Top Special Offer! Check discount

Get 13% off your first order - useTopStart13discount code now!

Fiddler Crab Field Survey

A fiddler crab is a semi-terrestrial, tiny, and fast-moving species that lives in fine marshy mud during the diurnal low tides. Burrows are important in the lives of fiddler crabs because they shield the crabs from being swept away by high tides and help the crabs keep their gills moist on low tide-hot days. The burrow is sometimes used for breeding and to shield the fiddler crab from predators. They are commonly found along the eastern United States' intertidal marshy shoreline. Fiddler crabs are members of the family Una spp. The fiddler crabs are usually found in huge numbers living in small adjacent territories. The male fiddler usually has one big claw which is used for fighting other males while the females have two small claws. The fiddler crabs have been known to feed on dead organic matter (they are detritovores). Therefore they reduce the organic content along the shoreline and aerate the sediment at the shoreline. The crabs start burrowing at a very early age. Burrowing is usually influenced by various factors such as the ground temperature, tidal periodicity, root material density, mate display activities, stem density and threat posed by the predator ((Quareshi and Saher). In most cases the crabs have been known to choose specific places along the marshy shoreline to make their burrows. These specific habitats have the specific conditions that are favourable to the survival of the fiddler crabs.

Objective

The main aim of this study is to apply various techniques to the field so as to determine the population change of the fiddler crab along the intertidal marsh zone and identify the specific environmental factors that influence the population change of the crabs.

Materials

100m transect tape

Quadrat square large

Small rulers

Penetrometers

PH pen

Field Procedure

Site

The class conducted the fiddler field survey at the Jacksonville Timucuan Trail Waterway. The class was divided into three class groups before the experiment began. The students were to collect qualitative data on the fiddler crabs such as the PH, temperature and compaction of the sediment. Quantitative data such as the size of the burrows was also to be collected.

Procedure

The initial step of the experiment was to use the 100m transect tape to measure 100m and then divide the 100m into three separate sections; 0m, 50m and 100m. Then quadrat squares large was used for testing in the separate sections. Ten holes in each section were selected and small rulers were used to assess the length of each hole.

The final step included the collection of qualitative data on PH, temperature and sediment compaction by the use of the PH pen and Penetrometer.

Results

The air temperature was 720F

Sea water temperature of 650 F

Cloud cover of 30%

Wind Speed of NW miles an Hour

Qualitative data on the holes form the three sections is as follows;

Table 1 showing the data collected on the holes from the three sections from the different quadrats.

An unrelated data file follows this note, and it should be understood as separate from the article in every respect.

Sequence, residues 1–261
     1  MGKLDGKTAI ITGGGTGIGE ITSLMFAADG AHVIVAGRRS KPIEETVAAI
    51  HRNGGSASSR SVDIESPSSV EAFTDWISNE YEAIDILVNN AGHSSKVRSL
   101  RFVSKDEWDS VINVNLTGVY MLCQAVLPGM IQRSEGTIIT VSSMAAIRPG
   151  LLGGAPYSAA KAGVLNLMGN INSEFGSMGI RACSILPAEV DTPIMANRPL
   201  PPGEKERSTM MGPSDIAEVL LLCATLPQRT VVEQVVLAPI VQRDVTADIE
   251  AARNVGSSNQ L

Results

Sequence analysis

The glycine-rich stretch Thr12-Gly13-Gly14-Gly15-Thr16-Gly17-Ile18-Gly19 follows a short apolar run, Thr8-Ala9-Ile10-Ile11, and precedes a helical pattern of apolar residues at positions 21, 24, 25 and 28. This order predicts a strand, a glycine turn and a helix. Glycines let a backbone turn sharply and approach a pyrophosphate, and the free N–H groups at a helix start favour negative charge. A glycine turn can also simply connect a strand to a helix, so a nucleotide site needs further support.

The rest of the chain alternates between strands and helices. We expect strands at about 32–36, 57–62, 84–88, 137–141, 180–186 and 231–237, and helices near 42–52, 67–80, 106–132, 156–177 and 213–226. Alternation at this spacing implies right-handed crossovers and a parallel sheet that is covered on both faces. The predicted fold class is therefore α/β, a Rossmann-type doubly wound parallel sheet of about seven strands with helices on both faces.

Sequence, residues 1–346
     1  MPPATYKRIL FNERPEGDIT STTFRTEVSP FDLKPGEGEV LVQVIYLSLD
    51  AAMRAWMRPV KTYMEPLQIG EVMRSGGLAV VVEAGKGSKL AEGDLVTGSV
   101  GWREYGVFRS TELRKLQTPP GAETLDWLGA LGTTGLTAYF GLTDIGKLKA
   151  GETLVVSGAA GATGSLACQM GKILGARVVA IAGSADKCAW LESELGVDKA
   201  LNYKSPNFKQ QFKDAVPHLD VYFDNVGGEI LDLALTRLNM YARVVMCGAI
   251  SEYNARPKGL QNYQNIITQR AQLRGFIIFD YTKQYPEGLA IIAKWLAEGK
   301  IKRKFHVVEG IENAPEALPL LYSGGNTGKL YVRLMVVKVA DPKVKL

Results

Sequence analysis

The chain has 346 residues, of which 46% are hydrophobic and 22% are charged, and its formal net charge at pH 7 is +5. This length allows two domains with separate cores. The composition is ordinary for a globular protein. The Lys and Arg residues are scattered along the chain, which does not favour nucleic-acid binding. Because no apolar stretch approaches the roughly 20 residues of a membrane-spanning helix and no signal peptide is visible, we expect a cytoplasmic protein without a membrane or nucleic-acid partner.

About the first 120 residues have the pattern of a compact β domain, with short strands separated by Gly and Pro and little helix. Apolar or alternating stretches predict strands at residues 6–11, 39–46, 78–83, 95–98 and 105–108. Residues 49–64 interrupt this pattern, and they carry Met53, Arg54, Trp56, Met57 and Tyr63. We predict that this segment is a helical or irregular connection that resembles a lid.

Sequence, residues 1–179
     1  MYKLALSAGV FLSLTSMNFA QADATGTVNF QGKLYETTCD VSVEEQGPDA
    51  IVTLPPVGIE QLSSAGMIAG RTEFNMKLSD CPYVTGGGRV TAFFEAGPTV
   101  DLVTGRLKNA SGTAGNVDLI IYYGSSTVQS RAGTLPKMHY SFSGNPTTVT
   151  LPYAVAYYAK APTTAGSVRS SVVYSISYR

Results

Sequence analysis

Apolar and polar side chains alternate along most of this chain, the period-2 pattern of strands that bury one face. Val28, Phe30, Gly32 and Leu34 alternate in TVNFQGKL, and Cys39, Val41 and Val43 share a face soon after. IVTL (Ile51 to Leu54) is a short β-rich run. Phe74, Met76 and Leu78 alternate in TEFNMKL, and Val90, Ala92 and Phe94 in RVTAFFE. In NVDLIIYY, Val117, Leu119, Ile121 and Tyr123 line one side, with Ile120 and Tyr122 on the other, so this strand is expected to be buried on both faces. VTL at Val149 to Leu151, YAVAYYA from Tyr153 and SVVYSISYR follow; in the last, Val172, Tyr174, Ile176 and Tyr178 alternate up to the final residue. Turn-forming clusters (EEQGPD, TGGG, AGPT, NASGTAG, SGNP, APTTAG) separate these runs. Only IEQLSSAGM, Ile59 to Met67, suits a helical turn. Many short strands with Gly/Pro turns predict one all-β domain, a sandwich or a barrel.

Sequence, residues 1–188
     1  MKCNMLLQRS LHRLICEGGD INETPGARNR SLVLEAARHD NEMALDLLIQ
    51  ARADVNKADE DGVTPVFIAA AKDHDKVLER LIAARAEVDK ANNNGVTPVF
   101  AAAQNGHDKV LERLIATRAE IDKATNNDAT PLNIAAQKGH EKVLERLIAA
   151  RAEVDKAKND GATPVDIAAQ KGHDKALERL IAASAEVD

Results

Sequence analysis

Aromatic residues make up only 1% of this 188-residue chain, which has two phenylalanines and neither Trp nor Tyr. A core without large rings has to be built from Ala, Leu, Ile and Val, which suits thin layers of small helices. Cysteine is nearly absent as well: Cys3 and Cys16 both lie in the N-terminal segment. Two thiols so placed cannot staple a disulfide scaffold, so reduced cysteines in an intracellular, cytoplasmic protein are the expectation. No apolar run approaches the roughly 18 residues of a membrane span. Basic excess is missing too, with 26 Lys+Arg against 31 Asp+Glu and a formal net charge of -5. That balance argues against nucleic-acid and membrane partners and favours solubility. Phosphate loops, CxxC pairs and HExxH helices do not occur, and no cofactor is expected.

Area 1

Area 2

Area 3

Quad1

Quad2

Quad3

Quad1

Quad2

Quad3

Quad1

Quad2

Quad3

0M

50M

100M

0M

50M

100M

0M

50M

100M

0.5

0.5

1

1

1

0.5

1.5

1.5

0.75

1

1

0.5

1

1

0.7

1

0.5

1

1.25

1

2

1.5

0.5

0.3

0.5

1

0.5

1

0.5

1

1.5

0.5

1.5

1

0.5

1

1.25

0.5

0.25

0.8

0.7

1.5

0.5

1

1

1

0.25

2

1

1

1.7

0.5

1

1.5

0.75

0.5

2

1.4

0.5

1

1

0.3

0.7

0.5

0.5

0.25

1

0.5

1.7

2

0.5

0.3

0.5

1

1

0.4

1

1

1.5

0.5

0.5

0.25

1

0.5

1

1.5

0.5

6

0.5

1

Average

0.8

0.675

1.05

0.96

0.95

1.04

0.9

0.73

0.8

pH

6.6

6.91

6.87

7.1

6.95

6.96

6.95

7.42

6.87

Temp

24.9

65.5

69.1

75.2

71.2

71.2

24.4

22.2

22.4

Compaction

150

100

100

40

58

42

45

32

30

Holes

85

25

20

460

400

1140

260

540

960

Discussion Questions

Graph the mean of the number of fiddler crabs` burrow for each quadrat.

Graph 1 showing the average holes per section for each and every quadrat

Does the number of fiddler crabs` burrows change predictably along the marsh intertidal zone?

Yes, the number does change along the marsh intertidal zone. This is because the crabs require certain conditions for survival that are only provided by specific intertidal zones along the marshy shoreline. This means that most of the fiddler crabs population is found in places along the shoreline that are favourable to the crabs.

Make separate graphs that plot the mean number of fiddler crab burrows against: a) sediment temperature, b) sediment compaction, and c) ph.

Graph 4 showing the number of fiddler crab against the sediment pH

Graph 5 showing the number of fiddler crabs burrow against the sediment compaction

Graph 6 showing the comparison between sediment temperature and number of fiddler crab burrows.

Are there any relationships between mean crab burrow number, and any of the tested environmental factors? If so, why might these factors be important to these crabs? If not, what are some other factors that may be important but were not measured in our study?

Yes, there is a relationship between the burrow number and environmental factors. Factors such as pH are always crucial to the survival of all animals. Most of the animals will be favoured by a pH of 7(Neutral) or close to 7. This is because their biological processes inside their bodies will not be affected.

High temperature will resulted into the dehydration of the fiddler crabs while low temperature will lead to slow metabolism in the fiddler crab. Both situations results into the death of the crabs.